Just for fun, I made a 2/3 scale of Ian’s Flatfoot design. This is a size that fits on a standard 8.5 x 11" piece of paper. Then I modified the pattern to make an approximate copy of Bill’s diagonal Cobra 3 design, but with a round bilge. It folds up into a reasonable hull shape. But there is a problem: most materials will bend in only one direction. This technique will result in unwanted flats and protruding corners in places where the round cross-section meets the rounding of the rocker. My paper models exhibit this problem. It may be necessary to revert to hard chines.
My first full-scale building attempt will use a polystyrene sheet; two different thicknesses (.010" and .015") are on order. It may be possible to soften the corners by heating this material over a contoured mold (a 100 Watt light bulb has the right shape, and also can provide the heat). This material is more friendly to heating than the bottles that I have been using, and also is available in large enough sheets that I don’t need to patch multiple pieces together.
This could also be done with 1/64 plywood, in which case the hard spots could be back-filled with wood filler, then ground down.
Hi Walt -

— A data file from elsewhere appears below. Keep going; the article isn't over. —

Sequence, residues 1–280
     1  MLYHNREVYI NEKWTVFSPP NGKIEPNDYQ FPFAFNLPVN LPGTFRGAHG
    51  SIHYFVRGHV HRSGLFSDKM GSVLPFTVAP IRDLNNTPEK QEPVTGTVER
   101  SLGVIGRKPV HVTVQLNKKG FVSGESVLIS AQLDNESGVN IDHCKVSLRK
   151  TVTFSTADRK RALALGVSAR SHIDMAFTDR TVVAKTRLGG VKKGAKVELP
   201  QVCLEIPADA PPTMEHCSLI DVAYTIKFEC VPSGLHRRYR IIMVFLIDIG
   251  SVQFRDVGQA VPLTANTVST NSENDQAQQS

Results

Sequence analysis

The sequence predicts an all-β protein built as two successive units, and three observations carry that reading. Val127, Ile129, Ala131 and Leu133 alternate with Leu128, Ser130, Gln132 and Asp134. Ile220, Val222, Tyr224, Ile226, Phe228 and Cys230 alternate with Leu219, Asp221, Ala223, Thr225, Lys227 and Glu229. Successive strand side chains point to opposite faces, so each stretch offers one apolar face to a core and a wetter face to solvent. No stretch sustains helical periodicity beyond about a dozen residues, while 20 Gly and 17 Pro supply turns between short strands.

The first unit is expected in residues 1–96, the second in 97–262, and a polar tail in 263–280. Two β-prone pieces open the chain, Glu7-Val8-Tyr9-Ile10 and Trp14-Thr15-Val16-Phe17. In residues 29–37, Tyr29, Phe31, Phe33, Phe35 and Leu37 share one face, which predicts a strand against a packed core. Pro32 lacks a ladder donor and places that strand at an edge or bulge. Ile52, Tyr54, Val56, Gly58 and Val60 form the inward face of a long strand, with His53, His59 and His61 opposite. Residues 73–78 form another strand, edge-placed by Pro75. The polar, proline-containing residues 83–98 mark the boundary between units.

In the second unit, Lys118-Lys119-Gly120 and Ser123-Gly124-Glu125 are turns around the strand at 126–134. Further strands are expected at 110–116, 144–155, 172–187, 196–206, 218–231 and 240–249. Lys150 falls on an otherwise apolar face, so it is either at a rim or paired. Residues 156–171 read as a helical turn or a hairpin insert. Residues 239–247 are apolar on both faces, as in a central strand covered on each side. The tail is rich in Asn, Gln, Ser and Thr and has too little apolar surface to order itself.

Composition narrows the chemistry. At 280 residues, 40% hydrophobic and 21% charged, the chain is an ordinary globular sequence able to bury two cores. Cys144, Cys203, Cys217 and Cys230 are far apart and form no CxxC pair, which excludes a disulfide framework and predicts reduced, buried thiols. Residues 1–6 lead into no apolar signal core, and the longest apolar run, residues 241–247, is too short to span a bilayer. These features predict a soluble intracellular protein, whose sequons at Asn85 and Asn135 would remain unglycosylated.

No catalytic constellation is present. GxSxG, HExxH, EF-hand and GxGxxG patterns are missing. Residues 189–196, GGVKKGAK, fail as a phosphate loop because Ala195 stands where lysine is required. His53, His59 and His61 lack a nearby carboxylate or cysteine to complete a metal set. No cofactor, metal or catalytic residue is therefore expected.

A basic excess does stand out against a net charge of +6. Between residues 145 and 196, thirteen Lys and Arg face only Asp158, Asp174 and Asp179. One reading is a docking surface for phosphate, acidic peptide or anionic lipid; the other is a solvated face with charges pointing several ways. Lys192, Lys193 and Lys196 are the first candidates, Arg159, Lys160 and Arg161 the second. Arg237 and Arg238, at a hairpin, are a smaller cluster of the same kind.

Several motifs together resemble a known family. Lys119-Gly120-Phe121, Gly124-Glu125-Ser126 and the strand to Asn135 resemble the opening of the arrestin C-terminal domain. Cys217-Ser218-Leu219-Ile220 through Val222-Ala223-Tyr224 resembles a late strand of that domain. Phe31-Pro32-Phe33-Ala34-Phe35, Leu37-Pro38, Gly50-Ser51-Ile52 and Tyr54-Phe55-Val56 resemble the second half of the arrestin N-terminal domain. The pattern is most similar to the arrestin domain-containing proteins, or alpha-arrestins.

we successfully “rolled” our own “A” Class and 18 Sq. Meter catamaran hulls using 1/8 plywood. I don’t have the line/cut drawings any longer, but the typical hulls were as you woud suspect - very narrow an plumb bows with “V” bottom, running back to semi-circular stern with circular underwater sections. This took place in an 18 foot (5.5meter) overall length.
Take a trip to local library and look through kayak building books, and you will see how the hull shape is cut onto flat plywood which can then take on compound bends. Look specifically for non-strip and non-hard chine plans. A kayak called SEVN might be an example.
http://vriesart.blogspot.com/ is all in Dutch, but it shows what can be done in turnigg a flat sheet of ply into a round bilge (RG65) hull.
Go to http://translate.google.com and paste the url that Martin gave, in the box, and choose Dutch to english (or any other language) and hit translate! The webpage, complete with images and links, is translated. Or pretty close to translated.
I think you might find that the ply is unable to bend around compound curves as much on a Footy as it does on kayaks. The bends tend to be proportionally sharper because of the small size of the boat.
I think Walt’s use of a more flexible material makes sense, but every material has its limits. I used cardboard to do it on one Footy, but then you have issues getting it well sealed…cardboard and water don’t get along…don’t ask me how I know
I’d suggest trying a foam material like EPP…it’s more flexible than Depron, and I think it could be cold moulded to some degree. It might handle the compound curves better as a result.
Keep us posted, Walt…you’re always taking a different, and interesting, path.
I like quick, easy but good too, so enjoyed the RG65 in ply, however, if you look at the beautiful glass one displayed above, that could be done in a flat medium too, with a fully round hull?
I am not sure why the sharp transition from round to flat at the rear?
A suitable material for this would be high impact .75mm styrene sheet (rather than polystyrene?).